World's 1st case of brain disease from fentanyl inhalation: Case study

Portland-based Oregon Health & Science University documented the world's first known case of brain disease from fentanyl inhalation.

The case study, published in the April issue of BMJ Case Reports, outlines the case of a 47-year-old man who was brought to the emergency department on Feb. 25, 2023. He had collapsed in his hotel room where he was staying during a business trip.

OHSU clinicians were able to determine his diagnosis to be toxic leukoencephalopathy caused by fentanyl inhalation. He was diagnosed by magnetic resonance imaging and a nonstandard drug test, which revealed the presence of fentanyl. Inhaled fentanyl caused large sections of white matter in the patient's brain to become inflamed to the point of losing consciousness and risking loss of brain function.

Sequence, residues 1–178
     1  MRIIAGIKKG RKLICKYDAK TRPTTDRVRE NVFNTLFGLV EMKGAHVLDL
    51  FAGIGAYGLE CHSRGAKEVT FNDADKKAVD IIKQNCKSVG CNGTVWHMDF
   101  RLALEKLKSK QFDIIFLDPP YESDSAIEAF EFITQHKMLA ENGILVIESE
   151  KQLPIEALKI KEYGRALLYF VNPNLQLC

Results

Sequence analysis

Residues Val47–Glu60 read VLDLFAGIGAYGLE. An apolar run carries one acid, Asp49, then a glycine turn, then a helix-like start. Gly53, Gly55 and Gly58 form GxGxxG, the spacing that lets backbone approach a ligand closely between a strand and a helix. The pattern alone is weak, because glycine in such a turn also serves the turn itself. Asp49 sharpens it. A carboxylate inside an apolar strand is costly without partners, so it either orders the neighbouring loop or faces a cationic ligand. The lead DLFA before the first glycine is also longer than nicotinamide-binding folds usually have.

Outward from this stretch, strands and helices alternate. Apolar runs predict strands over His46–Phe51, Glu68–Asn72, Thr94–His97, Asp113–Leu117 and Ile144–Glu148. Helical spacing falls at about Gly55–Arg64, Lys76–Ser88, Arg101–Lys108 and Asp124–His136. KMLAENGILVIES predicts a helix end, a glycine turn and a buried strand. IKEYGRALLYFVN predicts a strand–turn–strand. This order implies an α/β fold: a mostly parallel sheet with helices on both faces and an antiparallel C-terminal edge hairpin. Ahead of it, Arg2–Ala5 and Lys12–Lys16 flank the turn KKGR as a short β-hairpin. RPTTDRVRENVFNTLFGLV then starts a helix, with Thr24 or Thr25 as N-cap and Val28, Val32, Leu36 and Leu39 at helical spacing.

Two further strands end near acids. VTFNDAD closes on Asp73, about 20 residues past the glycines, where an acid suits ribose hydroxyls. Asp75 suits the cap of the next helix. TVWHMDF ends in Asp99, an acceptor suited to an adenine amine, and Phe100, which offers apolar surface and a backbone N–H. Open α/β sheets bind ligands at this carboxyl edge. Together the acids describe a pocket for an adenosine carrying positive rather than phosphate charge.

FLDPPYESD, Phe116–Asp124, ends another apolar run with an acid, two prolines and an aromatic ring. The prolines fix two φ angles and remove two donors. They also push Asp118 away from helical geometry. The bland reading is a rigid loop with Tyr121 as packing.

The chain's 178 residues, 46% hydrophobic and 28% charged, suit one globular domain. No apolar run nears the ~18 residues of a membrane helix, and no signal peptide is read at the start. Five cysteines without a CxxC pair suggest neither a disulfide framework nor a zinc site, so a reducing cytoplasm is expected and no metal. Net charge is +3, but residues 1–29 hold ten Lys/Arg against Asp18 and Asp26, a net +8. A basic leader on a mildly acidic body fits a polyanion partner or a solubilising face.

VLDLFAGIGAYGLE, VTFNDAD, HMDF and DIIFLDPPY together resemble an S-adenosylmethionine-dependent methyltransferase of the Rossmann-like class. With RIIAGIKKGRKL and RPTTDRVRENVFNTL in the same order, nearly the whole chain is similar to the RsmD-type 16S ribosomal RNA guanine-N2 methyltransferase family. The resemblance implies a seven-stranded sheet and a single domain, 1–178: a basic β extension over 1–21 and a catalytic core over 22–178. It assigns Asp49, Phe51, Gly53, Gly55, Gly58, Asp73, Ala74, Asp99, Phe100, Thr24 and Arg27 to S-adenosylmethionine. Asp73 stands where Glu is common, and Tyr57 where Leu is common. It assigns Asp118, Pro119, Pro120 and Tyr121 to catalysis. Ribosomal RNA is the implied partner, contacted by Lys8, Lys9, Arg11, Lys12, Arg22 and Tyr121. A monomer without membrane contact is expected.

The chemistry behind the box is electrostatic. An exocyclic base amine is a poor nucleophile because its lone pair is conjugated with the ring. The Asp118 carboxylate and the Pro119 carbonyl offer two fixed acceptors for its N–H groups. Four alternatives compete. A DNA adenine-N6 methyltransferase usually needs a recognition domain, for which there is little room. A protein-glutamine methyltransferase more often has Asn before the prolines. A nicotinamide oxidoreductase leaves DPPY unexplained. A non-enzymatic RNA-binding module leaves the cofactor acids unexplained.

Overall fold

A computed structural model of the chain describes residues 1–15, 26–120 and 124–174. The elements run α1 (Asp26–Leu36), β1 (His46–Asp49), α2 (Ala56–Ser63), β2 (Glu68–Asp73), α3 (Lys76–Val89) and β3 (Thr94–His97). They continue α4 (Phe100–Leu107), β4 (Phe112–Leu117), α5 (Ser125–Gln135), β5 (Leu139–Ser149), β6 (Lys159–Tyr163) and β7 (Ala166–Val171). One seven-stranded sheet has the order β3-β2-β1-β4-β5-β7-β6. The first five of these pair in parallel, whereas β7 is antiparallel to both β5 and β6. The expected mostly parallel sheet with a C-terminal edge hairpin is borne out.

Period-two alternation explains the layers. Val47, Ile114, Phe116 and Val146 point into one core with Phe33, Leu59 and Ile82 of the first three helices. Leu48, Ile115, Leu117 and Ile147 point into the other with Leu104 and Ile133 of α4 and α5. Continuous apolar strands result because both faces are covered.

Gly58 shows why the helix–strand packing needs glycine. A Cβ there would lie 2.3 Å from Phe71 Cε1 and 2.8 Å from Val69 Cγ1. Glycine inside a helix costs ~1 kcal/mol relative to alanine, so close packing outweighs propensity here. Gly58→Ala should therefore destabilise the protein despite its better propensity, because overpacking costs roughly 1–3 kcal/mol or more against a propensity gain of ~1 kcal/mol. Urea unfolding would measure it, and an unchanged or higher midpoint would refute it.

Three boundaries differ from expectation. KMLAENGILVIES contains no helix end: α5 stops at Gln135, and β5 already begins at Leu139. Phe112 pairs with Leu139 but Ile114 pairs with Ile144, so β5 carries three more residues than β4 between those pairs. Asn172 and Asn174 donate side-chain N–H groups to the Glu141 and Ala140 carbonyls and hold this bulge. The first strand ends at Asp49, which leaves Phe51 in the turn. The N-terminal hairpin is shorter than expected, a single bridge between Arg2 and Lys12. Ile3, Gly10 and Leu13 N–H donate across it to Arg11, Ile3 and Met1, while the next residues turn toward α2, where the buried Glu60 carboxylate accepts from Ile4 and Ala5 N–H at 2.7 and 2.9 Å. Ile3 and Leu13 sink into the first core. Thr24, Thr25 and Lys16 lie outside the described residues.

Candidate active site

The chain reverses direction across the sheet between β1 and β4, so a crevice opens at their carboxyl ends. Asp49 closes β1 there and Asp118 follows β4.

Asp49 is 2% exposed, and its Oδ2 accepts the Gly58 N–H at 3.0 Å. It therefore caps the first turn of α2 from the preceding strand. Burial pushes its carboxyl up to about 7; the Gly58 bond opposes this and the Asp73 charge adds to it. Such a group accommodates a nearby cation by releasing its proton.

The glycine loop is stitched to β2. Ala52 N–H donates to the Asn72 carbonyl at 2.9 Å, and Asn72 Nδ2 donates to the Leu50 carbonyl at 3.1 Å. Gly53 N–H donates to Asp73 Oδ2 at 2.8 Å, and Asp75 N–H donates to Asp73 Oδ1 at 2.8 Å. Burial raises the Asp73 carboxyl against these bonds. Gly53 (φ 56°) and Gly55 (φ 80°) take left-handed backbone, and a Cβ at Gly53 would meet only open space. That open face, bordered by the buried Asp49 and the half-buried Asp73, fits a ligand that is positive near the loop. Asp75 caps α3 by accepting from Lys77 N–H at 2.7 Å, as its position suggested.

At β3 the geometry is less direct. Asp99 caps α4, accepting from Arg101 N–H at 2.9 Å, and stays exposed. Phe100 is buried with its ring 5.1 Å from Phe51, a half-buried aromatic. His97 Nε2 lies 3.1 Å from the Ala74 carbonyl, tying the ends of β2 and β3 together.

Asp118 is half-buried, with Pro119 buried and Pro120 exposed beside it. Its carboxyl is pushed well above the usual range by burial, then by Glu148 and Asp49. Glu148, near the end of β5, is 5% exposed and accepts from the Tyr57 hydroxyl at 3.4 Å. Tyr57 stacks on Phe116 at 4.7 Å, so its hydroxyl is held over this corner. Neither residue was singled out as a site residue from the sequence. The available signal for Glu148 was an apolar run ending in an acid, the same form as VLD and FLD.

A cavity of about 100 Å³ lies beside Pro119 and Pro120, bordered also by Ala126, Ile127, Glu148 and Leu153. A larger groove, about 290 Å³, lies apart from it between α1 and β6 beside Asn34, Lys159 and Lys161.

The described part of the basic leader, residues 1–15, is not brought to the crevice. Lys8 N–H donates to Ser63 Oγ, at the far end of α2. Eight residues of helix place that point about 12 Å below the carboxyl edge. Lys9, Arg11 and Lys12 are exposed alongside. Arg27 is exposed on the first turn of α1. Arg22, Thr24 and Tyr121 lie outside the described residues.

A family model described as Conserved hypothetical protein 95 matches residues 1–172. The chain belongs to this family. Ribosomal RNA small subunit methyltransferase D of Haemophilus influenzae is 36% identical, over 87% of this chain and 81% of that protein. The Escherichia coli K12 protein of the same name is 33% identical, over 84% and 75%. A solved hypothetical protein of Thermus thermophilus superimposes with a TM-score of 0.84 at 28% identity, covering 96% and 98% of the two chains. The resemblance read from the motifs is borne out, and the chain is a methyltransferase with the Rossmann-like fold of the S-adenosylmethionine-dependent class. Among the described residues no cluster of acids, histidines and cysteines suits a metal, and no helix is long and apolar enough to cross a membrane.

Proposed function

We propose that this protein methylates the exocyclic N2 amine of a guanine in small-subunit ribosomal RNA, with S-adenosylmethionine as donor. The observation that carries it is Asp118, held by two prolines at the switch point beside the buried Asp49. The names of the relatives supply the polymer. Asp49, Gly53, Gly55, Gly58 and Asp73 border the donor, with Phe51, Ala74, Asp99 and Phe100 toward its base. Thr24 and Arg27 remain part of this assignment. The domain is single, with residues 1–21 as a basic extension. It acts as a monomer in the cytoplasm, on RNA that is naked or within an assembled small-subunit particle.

Cases caused by inhaling heroin have been documented before, but OHSU said in an April 29 news release they believe this is the first patient to be documented with inhalation of illicit fentanyl — though the report noted that there are likely other cases that were not recognized.

The patient recovered after 26 days in the hospital and a stay in a skilled nursing facility. He has returned home to Seattle and is back at work and with his family, according to the report.

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